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Brain Tumors

Medically reviewed by Drugs.com. Last updated on Feb 4, 2024.

What is a brain tumor?

A brain tumor is a mass that grows in your brain, or in an area near the brain. Examples include nerves in your skull, pituitary gland, or the membranes that cover your brain. The tumor may start in your brain or travel to your brain from another part of your body. There are many kinds of brain tumors. Each kind is named for where it begins and what it does in the brain. A tumor may be malignant (cancer), or benign (not cancer). It may grow quickly or slowly.

Brain Anatomy

What causes or increases my risk for a brain tumor?

What are the signs and symptoms of a brain tumor?

Signs and symptoms depend on the kind of tumor you have, and where it is in your brain. Brain tumors often cause problems on only one side of the body. Some tumors can cause problems on both sides. You may have any of the following:

How is a brain tumor diagnosed?

Your healthcare provider will examine you and ask about your symptoms. Tell him or her if you have ever had cancer, and what kind you had. Tell him or her if you have a family history of brain tumors or cancer. You may need any of the following:

How is a brain tumor treated?

A tumor that travels to the brain will need treatment for the original kind of cancer. For example, breast cancer that travels to the brain may respond to drugs used to treat breast cancer. One or more of the following may be used to treat the tumor or problems caused by the tumor:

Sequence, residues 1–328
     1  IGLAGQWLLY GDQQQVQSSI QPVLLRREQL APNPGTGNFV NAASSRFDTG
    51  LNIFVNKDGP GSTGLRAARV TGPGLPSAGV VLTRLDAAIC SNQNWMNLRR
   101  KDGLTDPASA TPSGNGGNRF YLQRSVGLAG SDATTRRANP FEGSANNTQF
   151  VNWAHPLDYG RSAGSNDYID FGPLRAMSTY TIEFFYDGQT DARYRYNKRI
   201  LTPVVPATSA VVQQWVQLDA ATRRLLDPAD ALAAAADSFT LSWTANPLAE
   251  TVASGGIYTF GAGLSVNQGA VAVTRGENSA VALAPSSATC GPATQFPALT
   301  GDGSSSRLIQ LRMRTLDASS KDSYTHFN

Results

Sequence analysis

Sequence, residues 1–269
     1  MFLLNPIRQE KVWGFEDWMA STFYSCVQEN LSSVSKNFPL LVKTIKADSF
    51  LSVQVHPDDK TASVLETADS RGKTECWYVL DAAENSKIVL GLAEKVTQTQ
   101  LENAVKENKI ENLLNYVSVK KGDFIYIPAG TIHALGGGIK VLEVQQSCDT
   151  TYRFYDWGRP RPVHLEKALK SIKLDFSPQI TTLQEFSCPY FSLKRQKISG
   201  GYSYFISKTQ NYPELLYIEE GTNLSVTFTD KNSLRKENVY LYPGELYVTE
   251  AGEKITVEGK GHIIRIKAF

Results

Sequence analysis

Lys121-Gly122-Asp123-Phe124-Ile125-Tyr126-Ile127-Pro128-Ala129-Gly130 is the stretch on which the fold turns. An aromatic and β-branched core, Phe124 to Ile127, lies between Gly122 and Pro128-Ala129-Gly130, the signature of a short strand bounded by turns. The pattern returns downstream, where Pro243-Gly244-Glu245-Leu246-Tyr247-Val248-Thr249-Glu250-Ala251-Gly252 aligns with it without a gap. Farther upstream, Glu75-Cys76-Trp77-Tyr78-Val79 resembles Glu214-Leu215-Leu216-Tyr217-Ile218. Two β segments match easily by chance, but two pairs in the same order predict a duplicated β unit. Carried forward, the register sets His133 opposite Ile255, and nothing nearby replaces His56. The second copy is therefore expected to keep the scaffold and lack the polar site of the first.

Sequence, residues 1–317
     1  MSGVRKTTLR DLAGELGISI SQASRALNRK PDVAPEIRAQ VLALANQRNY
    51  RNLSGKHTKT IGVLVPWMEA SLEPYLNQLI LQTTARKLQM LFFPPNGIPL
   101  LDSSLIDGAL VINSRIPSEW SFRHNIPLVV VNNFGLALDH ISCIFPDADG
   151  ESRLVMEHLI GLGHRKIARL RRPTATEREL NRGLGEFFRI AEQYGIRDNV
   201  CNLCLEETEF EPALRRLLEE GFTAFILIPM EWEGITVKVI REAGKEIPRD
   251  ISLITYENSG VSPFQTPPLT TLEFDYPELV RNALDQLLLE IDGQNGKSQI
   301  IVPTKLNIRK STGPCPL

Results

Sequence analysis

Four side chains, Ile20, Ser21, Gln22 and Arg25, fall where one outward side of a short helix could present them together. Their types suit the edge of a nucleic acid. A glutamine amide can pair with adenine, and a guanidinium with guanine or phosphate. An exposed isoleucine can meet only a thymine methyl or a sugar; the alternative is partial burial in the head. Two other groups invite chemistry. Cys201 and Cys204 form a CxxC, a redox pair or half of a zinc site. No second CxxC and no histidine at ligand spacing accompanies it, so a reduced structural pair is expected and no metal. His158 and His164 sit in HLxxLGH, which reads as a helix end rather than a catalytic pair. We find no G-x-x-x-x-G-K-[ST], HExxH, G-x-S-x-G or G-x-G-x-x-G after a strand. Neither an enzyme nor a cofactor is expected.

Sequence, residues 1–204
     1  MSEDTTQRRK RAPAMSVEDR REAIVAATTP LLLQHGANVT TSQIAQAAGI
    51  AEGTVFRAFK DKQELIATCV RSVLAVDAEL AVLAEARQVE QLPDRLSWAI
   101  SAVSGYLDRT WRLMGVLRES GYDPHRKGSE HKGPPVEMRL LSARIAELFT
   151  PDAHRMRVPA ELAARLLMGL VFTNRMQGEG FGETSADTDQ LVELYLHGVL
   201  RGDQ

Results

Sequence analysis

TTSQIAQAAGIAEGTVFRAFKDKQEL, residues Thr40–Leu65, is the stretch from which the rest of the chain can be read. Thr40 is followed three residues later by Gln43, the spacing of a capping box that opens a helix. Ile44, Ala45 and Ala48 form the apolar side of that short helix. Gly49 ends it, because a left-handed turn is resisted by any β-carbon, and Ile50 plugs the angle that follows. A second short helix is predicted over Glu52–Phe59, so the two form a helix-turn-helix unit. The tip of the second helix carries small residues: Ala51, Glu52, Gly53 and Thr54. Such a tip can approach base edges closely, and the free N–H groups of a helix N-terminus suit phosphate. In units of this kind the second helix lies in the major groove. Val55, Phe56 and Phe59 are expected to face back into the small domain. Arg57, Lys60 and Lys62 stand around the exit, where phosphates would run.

Treatment options

The following list of medications are in some way related to or used in the treatment of this condition.

View more treatment options

What can I do to manage my symptoms?

Where can I find support and more information?

Call your local emergency number (911 in the US) if:

When should I seek immediate care?

When should I call my doctor?

Care Agreement

You have the right to help plan your care. Learn about your health condition and how it may be treated. Discuss treatment options with your healthcare providers to decide what care you want to receive. You always have the right to refuse treatment. The above information is an educational aid only. It is not intended as medical advice for individual conditions or treatments. Talk to your doctor, nurse or pharmacist before following any medical regimen to see if it is safe and effective for you.

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Always consult your healthcare provider to ensure the information displayed on this page applies to your personal circumstances.